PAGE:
Thus there remains only the idea of God. I must consider whether there is anything in this idea that could not have originated from me. I understand by the name "God" a certain substance that is infinite, independent, supremely intelligent and supremely powerful, and that created me along with everything else that exists--if anything else exists. Indeed all these are such that, the more carefully I focus my attention on them, the less possible it seems they could have arisen from myself alone. Thus, from what has been said, I must conclude that God necessarily exists.
For although the idea of substance is in me by virtue of the fact that I am a substance, that fact is not sufficient to explain my having the idea of an infinite substance, since I am finite, unless this idea proceeded from some substance which really was infinite.
Nor should I think that I do not perceive the infinite by means of a true idea, but only through a negation of the finite, just as I perceive rest and darkness by means of a negation of motion and light. On the contrary, I clearly understand that there is more reality in an infinite substance than there is in a finite one. Thus the perception of the infinite is somehow prior in me to the perception of the finite, that is, my perception of God is prior to my perception of myself. For how would I understand that I doubt and that I desire, that is, that I lack something and that I am not wholly perfect, unless there were some idea in me of a more perfect being, by comparison with which I might recognize my defects?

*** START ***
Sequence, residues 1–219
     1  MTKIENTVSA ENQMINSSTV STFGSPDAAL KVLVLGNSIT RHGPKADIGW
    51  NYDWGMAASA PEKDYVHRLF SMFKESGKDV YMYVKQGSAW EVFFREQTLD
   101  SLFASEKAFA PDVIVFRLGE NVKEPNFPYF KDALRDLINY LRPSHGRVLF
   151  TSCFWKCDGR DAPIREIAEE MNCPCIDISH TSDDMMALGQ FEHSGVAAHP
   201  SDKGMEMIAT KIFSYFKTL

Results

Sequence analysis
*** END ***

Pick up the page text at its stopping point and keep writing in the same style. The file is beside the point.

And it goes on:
Nor can it be said that this idea of God is perhaps materially false and
thus can originate from nothing, as I remarked just now about the ideas of heat and cold, and the like. On the contrary, because it is the most clear and distinct and because it contains more objective reality than any other idea, no idea is in and of itself truer and has less of a basis for being suspected of falsehood. I maintain that this idea of a being that is supremely perfect and infinite is true in the highest degree. For although 1 could perhaps pretend that such a being does not exist, nevertheless I could not pretend that the idea of such a being discloses to me nothing real, as was the case with the idea of cold which I referred to earlier. It is indeed an idea that is utterly clear and distinct; for whatever I clearly and distinctly perceive to be real and true and to involve some perfection is wholly contained in that idea. It is no objection that I do not comprehend the infinite or that there are countless other things in God that I can in no way either comprehend or perhaps even touch with my thought. For the nature of the infinite is such that it is not comprehended by a being such as I, who am finite. And it is sufficient that I understand this very point and judge that all those things that I clearly perceive and that I know to contain some perfection--and perhaps even countless other things of which I am ignorant--are in God either formally or eminently. The result is that, of all the ideas that are in me, the idea that I have of God is the most true, the most clear and distinct.
But perhaps I am something greater than I myself understand. Perhaps all these perfections that I am attributing to God are somehow in me potentially, although they do no yet assert themselves and are not yet actualized. For I now observe that my knowledge is gradually being increased, and I see nothing standing in the way of its being increased more and more to infinity. Moreover, I see no reason why, with my knowledge thus increased, I could not acquire all the remaining perfections of God. And, finally, if the potential for these perfections is in me already, I see no reason why this potential would not suffice to produce the idea of these perfections.